It’s my pleasure to welcome gemamac to our community! Though she’s been registered on the site for a while, she posted her first layout to the Gallery just one month ago. “Going Home” is the second layout she’s shared with us, and I’m so grateful she did! Her asymmetric composition takes advantage of that gorgeous distressed background paper, giving it ample space to shine. She chose a single torn paper piece to mat her photo – a screenshot from a mobile device, I think – and by using that metal clip to “attach” it to the page, it really grounds it in place. Then just a few select embellishments, and everything is perfectly shadowed. But beyond the basic visual design, which is beautiful, her layout evokes thoughts of a road trip. The photo shows a highway with lights up ahead, but there’s something about the background paper that makes me think of 3am skies seen out car windows through sleepy eyes from the backseat. Combine all that with the lyrics to Daughtry’s song “Home”, and I’m nostalgic for summer vacations and the feeling of a great time behind you but home just up ahead. Gemamac, thank you for sharing your work with us – I can’t wait to see more!

Biltmore Mansion by EvelynD2

This layout jumped straight into my Favorites, and I’ve got plans for a scraplift in the near future! I love full-page photographs, but I struggle with how to embellish them. EvelynD2 obviously has no such trouble. I absolutely adore the way she layered those two vertical photo blocks atop the photo with the same photograph and gave them deep shadows. It pulls out the front entrance of the mansion from the photograph, easily making it a focal point, but still including the rest of the gorgeous lawn on the page. She then made brilliant use of the “empty” space on the photo – first by adding journaling atop the sky, then by adding her element clusters atop the open expanse of the lawn. This is a fun approach to using this template for a full-page photograph, and I am completely inspired!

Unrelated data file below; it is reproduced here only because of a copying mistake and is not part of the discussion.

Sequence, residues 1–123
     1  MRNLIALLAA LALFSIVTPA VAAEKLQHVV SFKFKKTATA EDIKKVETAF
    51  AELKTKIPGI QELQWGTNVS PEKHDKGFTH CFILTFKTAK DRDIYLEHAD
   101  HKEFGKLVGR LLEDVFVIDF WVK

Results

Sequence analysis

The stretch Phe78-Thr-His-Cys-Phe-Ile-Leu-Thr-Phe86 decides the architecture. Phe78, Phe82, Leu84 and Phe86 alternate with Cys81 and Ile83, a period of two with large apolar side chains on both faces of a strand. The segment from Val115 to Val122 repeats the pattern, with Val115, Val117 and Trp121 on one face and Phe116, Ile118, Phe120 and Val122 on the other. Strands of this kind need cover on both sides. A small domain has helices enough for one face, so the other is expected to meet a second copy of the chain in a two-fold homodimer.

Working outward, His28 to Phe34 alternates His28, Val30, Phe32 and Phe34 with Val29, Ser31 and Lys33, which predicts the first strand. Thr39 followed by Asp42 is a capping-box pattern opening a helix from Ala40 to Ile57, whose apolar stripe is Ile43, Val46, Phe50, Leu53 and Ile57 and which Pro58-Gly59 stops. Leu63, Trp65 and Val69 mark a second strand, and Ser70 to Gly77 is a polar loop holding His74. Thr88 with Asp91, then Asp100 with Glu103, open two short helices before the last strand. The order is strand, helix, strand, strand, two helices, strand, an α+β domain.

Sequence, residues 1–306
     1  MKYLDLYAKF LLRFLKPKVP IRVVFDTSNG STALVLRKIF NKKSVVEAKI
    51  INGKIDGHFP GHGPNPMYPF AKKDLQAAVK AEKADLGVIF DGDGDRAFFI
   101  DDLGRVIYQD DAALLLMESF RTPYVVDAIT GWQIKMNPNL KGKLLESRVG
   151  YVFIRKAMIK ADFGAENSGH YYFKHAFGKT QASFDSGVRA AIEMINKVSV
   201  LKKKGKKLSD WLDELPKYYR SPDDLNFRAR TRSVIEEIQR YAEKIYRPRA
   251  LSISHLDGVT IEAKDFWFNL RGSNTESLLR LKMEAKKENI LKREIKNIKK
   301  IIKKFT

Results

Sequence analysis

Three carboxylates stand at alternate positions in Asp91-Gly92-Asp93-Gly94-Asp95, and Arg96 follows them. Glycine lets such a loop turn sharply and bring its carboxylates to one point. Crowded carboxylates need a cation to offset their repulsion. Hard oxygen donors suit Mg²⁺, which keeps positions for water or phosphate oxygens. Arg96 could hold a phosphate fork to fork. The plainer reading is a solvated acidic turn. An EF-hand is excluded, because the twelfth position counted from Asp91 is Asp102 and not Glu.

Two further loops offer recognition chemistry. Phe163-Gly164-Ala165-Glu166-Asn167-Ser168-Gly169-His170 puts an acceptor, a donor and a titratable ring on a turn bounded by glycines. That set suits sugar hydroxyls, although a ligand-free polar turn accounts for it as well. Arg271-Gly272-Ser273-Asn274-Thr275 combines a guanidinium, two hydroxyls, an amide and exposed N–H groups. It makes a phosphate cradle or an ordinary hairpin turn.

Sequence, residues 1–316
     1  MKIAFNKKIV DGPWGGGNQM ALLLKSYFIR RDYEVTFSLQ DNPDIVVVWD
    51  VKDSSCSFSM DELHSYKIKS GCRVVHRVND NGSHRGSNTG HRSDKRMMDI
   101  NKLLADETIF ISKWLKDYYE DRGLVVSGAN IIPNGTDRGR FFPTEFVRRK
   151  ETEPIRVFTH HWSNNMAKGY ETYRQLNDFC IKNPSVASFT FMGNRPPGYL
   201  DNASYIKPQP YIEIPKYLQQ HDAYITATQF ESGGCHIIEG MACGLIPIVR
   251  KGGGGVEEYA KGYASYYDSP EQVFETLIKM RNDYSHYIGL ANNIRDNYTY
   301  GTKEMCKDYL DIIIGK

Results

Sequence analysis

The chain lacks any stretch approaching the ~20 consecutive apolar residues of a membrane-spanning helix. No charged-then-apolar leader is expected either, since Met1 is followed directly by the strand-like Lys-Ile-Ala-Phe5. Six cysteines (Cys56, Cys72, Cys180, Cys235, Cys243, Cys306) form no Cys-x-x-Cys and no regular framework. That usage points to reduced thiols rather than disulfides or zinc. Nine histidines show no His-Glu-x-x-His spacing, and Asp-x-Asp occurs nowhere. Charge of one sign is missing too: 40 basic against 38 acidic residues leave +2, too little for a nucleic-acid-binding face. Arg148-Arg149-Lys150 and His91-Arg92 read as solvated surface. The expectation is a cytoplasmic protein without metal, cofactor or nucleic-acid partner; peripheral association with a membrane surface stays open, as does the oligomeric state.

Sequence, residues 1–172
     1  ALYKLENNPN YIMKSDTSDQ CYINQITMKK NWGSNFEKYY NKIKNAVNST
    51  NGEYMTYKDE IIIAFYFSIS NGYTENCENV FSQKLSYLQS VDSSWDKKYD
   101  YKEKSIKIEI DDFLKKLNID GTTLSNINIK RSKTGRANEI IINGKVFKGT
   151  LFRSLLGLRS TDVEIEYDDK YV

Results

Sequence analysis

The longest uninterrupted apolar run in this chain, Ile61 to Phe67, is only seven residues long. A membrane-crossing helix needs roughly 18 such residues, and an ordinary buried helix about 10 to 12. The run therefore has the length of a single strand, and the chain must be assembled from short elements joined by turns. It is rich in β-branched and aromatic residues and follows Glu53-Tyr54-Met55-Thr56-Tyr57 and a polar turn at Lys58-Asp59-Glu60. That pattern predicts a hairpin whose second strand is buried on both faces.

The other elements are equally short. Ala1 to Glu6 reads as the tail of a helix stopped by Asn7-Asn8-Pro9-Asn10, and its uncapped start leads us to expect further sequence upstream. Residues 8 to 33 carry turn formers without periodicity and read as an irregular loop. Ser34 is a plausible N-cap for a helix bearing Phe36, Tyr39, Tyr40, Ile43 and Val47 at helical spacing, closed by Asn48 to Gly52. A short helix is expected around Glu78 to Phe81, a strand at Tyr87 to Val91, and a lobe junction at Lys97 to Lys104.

Shattered by scrappurple

There is so much to pull apart in this layout by scrappurple, and I hope you’ll take the time to study all the details she included. She’s opened a literal window into her heart, throwing those shutters open to show the shattered glass and the reason why. There’s no identification of who, but that is a floral arrangement in memorial for someone at a funeral. The only other detail we’re given is a date. The rest is word art describing thoughts and feelings, all surrounded and framed by droplets of tears. This is an absolute work of art, masterfully made.

Since I love nothing quite so much as symmetry and bringing things back full circle, I’ll close today’s post with another poem by Shel Silverstein. While it’s true his target audience was small children, and most of his poetry ranges from sublimely sweet (“Hug O’War”) to supremely silly (“Crowded Tub”), some of his work is perspicacious and profound. I leave you with his version of Alice in Wonderland:

She drank from a bottle called DRINK ME
And up she grew so tall,
She ate from a plate called TASTE ME
And down she shrank so small.
And so she changed, while other folks
Never tried nothin’ at all.

“Alice” from Where the Sidewalk Ends by Shel Silverstein